This past weekend, I took a day off and shot out to go climb in Red Rocks, Nevada. My friend Michelle had grabbed a group campsite months ago and had invited friends out and I’d gone ahead and asked for time off to make a 3 day weekend. My goal (which had been stymied the last time we did a group camp here) was to finally finish Ginger Cracks (5.9, 955 feet, 7 pitches). Years ago I had been on it in a party of three but we had bailed for reasons based on weather and fatigue.
I’m happy to say my friend Eric and I pulled it off this weekend with relatively small glitches: had to wait for a party of three we had not seen waiting at the base during our approach hike and Eric at first took a wrong chimney but quickly realized it. The weather was overcast during our morning hike in which made it tolerable and rather pretty. We came upon a group of deer who didn’t seem too concerned about us. We found the trail easily enough by following our guidebook beta and it seemed to take us the predicted hour and a half to get to the base from the parking area.
The climb itself was fun and varied, requiring a variety of gear (cams up to a Black Diamond 4, and nuts) and techniques (crack, chimney, face crimps, and traversing skills). The movement was fun and interesting and the views spectacular. I had originally planned to lead some pitches but seeing as we had not just one but two parties of three ahead of us, and hopes to get down before dark, I talked myself out of leading (though I almost took a higher pitch we thought might be the 5.0/5.2 pitch but turned out to be the crux!). I was happy to follow though. As I climbed I thought about how fortunate I was to be able to climb; to have access and the ability to get on something this great even though it had been awhile since I’d been a multi-pitch this tall, this hard, and with this long (and tiring) of an approach hike.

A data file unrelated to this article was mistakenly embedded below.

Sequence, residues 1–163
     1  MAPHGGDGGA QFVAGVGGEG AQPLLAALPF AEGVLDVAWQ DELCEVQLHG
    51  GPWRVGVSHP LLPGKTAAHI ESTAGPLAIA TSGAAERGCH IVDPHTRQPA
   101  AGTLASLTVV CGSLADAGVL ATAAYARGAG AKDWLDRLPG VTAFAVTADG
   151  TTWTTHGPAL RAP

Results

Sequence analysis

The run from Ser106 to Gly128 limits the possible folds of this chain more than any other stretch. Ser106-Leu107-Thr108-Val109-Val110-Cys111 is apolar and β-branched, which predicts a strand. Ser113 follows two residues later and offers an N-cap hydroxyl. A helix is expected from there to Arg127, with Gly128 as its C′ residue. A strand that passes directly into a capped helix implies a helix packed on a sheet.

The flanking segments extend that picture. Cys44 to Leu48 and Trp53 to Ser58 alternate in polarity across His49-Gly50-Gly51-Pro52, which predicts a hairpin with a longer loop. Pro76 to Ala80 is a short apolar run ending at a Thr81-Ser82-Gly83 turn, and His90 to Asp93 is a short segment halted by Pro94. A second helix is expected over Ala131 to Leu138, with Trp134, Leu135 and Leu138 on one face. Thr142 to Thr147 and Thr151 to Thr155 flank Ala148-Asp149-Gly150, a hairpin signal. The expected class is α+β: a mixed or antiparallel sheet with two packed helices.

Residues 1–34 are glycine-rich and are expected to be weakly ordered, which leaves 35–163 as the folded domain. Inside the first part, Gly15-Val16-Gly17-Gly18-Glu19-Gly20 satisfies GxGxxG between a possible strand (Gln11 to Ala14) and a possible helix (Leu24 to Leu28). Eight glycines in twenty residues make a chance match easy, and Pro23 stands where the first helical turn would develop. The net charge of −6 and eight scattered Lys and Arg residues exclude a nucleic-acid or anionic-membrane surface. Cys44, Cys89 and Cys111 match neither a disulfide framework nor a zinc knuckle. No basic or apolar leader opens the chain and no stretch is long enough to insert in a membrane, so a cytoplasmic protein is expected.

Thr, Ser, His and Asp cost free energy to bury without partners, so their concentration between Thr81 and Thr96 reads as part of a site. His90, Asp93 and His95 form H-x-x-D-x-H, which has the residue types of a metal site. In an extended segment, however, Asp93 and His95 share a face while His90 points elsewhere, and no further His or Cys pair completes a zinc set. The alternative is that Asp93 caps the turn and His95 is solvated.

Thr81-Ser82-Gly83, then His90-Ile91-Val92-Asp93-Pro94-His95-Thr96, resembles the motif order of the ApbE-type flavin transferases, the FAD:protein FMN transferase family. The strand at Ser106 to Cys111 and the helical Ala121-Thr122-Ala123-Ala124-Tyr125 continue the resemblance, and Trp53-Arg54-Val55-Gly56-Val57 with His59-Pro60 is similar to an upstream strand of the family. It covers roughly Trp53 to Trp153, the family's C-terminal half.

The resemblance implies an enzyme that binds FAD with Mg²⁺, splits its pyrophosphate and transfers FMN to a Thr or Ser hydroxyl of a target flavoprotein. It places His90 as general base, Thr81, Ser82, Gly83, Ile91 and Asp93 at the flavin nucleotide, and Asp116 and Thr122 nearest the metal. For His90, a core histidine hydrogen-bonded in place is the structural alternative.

All I could do was smile as I climbed higher, the shade following me up the pitches and keeping me from overheating. We did have to wait sometimes for belay stations to clear and as the day progressed Eric and I both put on light jackets. A very light sprinkle, and thunder accompanied our last pitch but both ended before we finished our descent rappels.
Though we finished our rappels while there was still light, our hike out was in the dark which made it more challenging in terms of finding the right way to go and in staying upright on the steep and sometimes loose terrain. We eventually made it with only a few, quickly corrected wrong turns.
As far as multi-pitch climbs go, it went incredibly smoothly and yet, I felt a great sense of adventure and accomplishment. We in the climbing community sometimes make a lot of noise about first ascents, speed ascents, free soloing, and pushing the limits but I think every climber knows what the public may not – that most every climb for us can give us a quiet pleasure and the enjoyment of experiencing a climb and touching rock. When we topped out on the last pitch and looked out on the wilderness we had hiked through, I smiled again. How fortunate we all are.